Encyclopedia of Arkansas
"Large Standing Knife Edge," when it stood at the intersection of Fifth and Main streets.
Members of the Metrocentre Improvement District Commission
are making noises about dissolving the district — created in 1972 to build the ill-fated Metrocentre Mall and which later built the Main Street and Sixth and Scott streets parking decks — and selling its assets.
The largest asset would be the Henry Moore sculpture "Large Standing Figure: Knife Edge."
Jennifer Carman appraised the sculpture at $5 million for the commission in 2015, but advised that it didn't mean it would sell for that much. The proceeds would be divided among the improvement district members, each of whom are assessed according to the value of their property and who benefit proportionally as well, one assumes.
The district's other asset is the leasing right for the Sixth and Scott street lot. The land is owned by the city; the deck by the district. Justin T. Allen
, a lawyer hired by commissioners, said the worth of the leasing rights is a "complicated question."
Allen said he did not know what might happen to the sculpture, but "anecdotally" he'd heard "there's a great deal of interest in seeing that the statue remain downtown." Yes, one would hope that Little Rock business leaders would see the value in keeping a sculpture by an artist of great renown, one that has stood in downtown for 38 years, rather than trying to make a buck off of it.
The 11-foot-5-inch sculpture was erected in 1978 at the intersection of Fifth and Main streets in the pedestrian mall; it now stands in the Union National Plaza at Fifth and Louisiana streets.
The Encyclopedia of Arkansas has an excellent entry on the sculpture
, which includes the following information:
In 1961, Moore made the original model of Large Standing Figure: Knife Edge by combining part of the shoulder bone of a bird with modeling clay to form the statue’s head and face. He originally called the sculpture Winged Figure, and it has been noted that the upward orientation of the piece echoes the marble Victory of Samothrace in the Louvre. Another possible inspiration is the epic poem The Rescue by Edward Sackville-West. The protagonist of this Homeric poem, which Moore illustrated in 1945, is described by Sackville-West as having “something of a mysterious timelessness, the knife edge balance between being and not being, which only the poetic imagination seems able to achieve.” ...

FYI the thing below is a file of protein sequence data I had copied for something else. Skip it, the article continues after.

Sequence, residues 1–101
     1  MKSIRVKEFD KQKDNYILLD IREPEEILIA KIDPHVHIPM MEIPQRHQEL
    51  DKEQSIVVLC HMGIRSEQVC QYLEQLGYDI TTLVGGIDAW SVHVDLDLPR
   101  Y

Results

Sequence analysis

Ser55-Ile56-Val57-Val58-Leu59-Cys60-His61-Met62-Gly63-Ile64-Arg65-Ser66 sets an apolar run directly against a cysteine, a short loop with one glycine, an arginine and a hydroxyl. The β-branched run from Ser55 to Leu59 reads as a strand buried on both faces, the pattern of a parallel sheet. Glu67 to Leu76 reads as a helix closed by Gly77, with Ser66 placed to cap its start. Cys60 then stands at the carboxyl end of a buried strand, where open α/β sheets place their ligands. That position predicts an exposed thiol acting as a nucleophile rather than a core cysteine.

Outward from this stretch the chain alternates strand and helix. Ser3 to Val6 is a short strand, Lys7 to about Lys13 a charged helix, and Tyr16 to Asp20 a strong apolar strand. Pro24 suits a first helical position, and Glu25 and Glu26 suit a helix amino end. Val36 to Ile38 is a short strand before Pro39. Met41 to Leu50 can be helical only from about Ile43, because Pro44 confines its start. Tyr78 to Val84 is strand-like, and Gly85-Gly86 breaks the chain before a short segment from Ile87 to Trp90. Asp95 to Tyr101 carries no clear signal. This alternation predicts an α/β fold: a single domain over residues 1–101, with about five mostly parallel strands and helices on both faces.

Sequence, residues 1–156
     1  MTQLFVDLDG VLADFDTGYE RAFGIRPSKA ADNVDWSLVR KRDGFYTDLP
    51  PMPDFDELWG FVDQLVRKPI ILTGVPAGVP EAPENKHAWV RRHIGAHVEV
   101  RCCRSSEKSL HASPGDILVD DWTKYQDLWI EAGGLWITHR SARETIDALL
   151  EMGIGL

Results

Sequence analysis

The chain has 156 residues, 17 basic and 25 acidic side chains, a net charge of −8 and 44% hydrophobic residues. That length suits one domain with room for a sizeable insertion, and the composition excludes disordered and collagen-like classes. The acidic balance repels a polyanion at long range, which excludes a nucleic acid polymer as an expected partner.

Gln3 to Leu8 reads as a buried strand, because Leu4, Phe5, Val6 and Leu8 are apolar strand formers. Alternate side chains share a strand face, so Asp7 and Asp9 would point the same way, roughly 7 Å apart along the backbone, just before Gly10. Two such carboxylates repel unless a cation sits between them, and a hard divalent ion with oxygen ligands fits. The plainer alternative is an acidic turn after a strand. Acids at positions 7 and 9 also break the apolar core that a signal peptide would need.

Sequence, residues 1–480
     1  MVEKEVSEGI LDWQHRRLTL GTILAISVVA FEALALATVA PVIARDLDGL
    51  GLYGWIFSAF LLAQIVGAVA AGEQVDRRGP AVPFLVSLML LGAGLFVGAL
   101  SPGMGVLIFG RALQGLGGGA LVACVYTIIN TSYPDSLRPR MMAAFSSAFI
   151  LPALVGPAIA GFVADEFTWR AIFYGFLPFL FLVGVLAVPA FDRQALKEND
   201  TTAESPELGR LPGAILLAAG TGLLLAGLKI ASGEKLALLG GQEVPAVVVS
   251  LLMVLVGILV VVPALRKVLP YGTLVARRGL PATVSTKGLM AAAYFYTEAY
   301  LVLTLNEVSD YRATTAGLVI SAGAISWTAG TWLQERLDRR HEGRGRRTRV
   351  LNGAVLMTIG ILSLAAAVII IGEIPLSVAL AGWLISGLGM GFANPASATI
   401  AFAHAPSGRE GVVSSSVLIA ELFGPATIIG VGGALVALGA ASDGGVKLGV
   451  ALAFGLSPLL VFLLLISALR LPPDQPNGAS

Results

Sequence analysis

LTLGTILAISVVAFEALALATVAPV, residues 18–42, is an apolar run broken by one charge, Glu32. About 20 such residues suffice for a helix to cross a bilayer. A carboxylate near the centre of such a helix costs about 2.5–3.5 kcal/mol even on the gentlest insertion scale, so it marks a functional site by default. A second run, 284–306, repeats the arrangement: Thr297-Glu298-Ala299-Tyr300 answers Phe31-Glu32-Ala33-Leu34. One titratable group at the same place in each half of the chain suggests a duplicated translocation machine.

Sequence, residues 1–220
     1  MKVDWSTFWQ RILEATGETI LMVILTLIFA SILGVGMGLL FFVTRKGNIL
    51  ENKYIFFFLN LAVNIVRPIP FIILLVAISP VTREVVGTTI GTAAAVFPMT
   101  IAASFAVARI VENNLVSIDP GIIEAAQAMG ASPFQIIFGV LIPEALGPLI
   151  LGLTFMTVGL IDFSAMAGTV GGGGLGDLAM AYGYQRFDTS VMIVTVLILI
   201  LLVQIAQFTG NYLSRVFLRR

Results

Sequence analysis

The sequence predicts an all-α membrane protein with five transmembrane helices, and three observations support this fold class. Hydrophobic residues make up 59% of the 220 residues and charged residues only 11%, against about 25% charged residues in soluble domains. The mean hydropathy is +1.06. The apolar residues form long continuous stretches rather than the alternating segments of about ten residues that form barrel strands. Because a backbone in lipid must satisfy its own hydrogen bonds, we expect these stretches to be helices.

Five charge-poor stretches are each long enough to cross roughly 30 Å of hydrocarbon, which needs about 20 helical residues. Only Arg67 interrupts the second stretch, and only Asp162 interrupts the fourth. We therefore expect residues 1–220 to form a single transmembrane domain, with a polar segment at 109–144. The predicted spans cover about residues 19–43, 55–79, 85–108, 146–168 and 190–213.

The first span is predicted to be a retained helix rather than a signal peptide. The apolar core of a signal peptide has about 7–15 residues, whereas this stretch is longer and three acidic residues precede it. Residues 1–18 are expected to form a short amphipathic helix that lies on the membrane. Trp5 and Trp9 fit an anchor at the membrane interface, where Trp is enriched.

The Metrocentre Commission agreed to purchase the sculpture on June 13, 1978, at the recommendation of a search committee. Three members of the committee — James Dyke, Dr. Virginia Rembert, and Townsend Wolfe — traveled to England to meet with Moore. Rembert wrote that Moore was “pleased that it would be placed in the heart of Little Rock.” The $185,000 cost was paid for with funds assessed on property within the Metrocentre Improvement District. It was shipped from England to New Orleans and transported to a North Little Rock (Pulaski County) warehouse by truck. On Monday, September 25, 1978, the sculpture was placed on its circular marble base on the Metrocentre Mall. The sculpture was moved to its current location on Capitol Avenue and Louisiana Street in 1999 when the pedestrian mall area of Capitol Avenue was reopened to traffic.
The improvement district paid off the remainder of its outstanding bonded indebtedness in March, which reduced the amount of tax each member is assessed. Where once the assessment totaled some $500,000, it is now in the neighborhood of $80,000, Allen said. Should the district be dissolved, those dollars would no longer flow to the Downtown Little Rock Partnership to pay for street cleaning and plantings.
There were 232 parcels in 2012, the most recent number I could get, though Allen said it is probably similar today. At that time, the tax rate was 3.05 percent.
, a major property owner in the district, told the Times
in an email that "a number of owners of property within the District have asked the commission to permanently suspend its operation since there is no longer any reason to continue collecting the tax earmarked for debt retirement. A number of District property owners reside out-of-state. Authority for the sale or disposition of assets owned by the District resides with the commissioners."
, who is on the commission, said it would be inappropriate for him to comment on whether he thought the district should be dissolved. He said he thought dissolution would require approval by commissioners who hold 66 percent of the property. He added that he believes the tax is now around .5 percent of the assessed value of the members' property. As property values climb — and they are climbing significantly — assessment and taxes go up as well, he noted. Meyer owns three buildings in the district.
, a former commissioner, said he believes there are still reasons to maintain an improvement district. "There aren't many [cities] that don't have some form of a business improvement district in place," Moses said.
The assessment levied in 1976 was to generate nearly $4.6 million to finance the improvements to 10 blocks on Main and Fifth streets, including the Metrocentre pedestrian mall. The bonds were refunded in 1985 to build the two parking decks, which cost $11.8 million. The bonds were refunded again in 1987 and the district sold the Main Street deck to the city.
In 2014, after property owners complained, then-LRDP Executive Director Sharon Priest
withdrew her proposal to the City Board of Directors to consider a resolution approving a special operating expenses tax increase from .5 percent to 1.25 percent.